I thought this interview was more difficult than JS109. In JS109, it was quite obvious that I was going to be given a small problem or two to solve and that I could solve them by following the problem solving methodology.

But when you are asked to explain a concept to somebody as if you were teaching them, there isn’t such a clear methodology to follow. One of the biggest dangers in this situation is explaining the wrong thing or explaining it in the wrong way, while missing the key concept.

In fact, something like that happened to me during my interview. I was asked a simple question, and I initially went off on a tangent which didn’t demonstrate the knowledge the interviewer was looking for. Even though I was able to recover, this less-than-ideal interaction threw me off balance for the rest of the call. In retrospect, spending time practicing some basic communication skills could have prevented this detour and helped me feel more confident for the rest of the discussion.

Here are some things you might consider doing during your interview to make sure you stay on track. You are expected to drive the conversation, and these can help drive the conversation in a favorable direction.

  • Just like the JS109 assessment, you will be using CoderPad, and you can use that like a whiteboard with JS comments. Before you start to explain a concept, you want to be sure you are on the same page as your interviewer. There’s nothing wrong with writing down what you think you were asked and asking the interviewer to confirm that you understood their question correctly. This might feel weird, but when the stakes are high I think it’s worth it to eliminate any miscommunications.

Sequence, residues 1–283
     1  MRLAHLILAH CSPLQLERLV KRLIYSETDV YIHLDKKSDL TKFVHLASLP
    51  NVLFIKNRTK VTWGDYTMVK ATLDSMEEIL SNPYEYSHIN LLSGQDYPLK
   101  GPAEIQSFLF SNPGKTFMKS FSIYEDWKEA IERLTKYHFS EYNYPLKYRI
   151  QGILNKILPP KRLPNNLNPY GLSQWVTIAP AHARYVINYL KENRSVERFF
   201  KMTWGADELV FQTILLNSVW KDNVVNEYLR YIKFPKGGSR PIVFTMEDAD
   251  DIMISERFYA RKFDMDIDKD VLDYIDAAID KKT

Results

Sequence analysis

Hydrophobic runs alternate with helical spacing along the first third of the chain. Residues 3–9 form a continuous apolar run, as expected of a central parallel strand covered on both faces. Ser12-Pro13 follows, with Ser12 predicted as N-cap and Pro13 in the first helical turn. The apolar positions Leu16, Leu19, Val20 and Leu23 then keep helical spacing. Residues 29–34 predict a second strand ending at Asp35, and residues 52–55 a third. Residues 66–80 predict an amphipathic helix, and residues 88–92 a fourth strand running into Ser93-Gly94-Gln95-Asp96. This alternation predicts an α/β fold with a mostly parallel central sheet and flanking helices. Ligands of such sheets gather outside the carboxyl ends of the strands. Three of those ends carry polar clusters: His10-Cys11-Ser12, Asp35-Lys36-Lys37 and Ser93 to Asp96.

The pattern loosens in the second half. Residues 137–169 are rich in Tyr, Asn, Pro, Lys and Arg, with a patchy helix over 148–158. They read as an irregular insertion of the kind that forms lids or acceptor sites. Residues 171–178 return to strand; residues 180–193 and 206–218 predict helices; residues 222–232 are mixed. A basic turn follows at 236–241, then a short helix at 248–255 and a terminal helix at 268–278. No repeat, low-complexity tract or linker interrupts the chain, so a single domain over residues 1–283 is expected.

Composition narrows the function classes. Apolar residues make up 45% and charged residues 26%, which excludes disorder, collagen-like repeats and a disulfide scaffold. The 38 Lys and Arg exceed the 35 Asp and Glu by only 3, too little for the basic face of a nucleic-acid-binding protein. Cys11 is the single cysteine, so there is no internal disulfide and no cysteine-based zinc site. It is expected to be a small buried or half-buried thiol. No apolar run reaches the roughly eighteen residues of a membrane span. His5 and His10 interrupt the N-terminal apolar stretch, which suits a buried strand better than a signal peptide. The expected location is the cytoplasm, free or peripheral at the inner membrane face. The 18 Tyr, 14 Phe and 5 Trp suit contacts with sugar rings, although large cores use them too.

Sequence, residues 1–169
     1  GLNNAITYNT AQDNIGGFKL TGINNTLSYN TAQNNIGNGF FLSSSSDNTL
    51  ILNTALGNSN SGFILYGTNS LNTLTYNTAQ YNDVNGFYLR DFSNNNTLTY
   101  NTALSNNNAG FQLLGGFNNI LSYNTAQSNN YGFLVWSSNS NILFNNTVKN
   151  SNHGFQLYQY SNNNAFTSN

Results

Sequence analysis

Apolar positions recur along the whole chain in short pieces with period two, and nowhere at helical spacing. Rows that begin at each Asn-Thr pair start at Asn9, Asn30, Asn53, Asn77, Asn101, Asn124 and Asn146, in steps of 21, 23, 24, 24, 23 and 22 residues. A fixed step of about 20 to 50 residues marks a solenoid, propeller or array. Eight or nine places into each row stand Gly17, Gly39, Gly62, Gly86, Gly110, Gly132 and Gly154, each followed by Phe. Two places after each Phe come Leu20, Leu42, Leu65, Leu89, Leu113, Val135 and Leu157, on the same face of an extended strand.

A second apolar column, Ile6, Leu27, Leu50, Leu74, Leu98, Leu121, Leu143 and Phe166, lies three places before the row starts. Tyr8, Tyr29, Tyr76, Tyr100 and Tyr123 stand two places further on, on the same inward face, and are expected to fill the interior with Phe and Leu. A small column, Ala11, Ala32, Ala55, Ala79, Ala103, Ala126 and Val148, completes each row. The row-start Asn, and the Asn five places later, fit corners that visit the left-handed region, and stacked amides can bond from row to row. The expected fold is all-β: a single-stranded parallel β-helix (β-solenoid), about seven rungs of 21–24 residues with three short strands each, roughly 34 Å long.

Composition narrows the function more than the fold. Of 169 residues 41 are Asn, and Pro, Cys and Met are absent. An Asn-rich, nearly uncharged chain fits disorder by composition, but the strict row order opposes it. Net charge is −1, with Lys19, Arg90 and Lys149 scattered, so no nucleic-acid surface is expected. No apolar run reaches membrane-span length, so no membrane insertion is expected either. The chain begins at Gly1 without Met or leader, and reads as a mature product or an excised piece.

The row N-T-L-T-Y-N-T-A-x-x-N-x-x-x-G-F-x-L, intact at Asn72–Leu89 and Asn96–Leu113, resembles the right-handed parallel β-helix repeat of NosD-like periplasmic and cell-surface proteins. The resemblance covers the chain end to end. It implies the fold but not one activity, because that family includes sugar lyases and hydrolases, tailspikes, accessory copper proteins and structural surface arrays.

• While going through your explanation, you can pause and ask something like “Is this making sense so far?” A good teacher will try to keep their students engaged after all, and the response to this question can prevent you from getting off track.
  • When you finish a demonstration, you can look back at the question you were asked (since you wrote it down) to quickly see if there’s anything you forgot to mention.

Finally, don’t forget that you are writing live code, and it needs to work. Test your code often! Use the node console to test things before you put them in your code! Practice using CoderPad before the interview! In general, don’t forget how you passed the JS109 interview — it all still applies!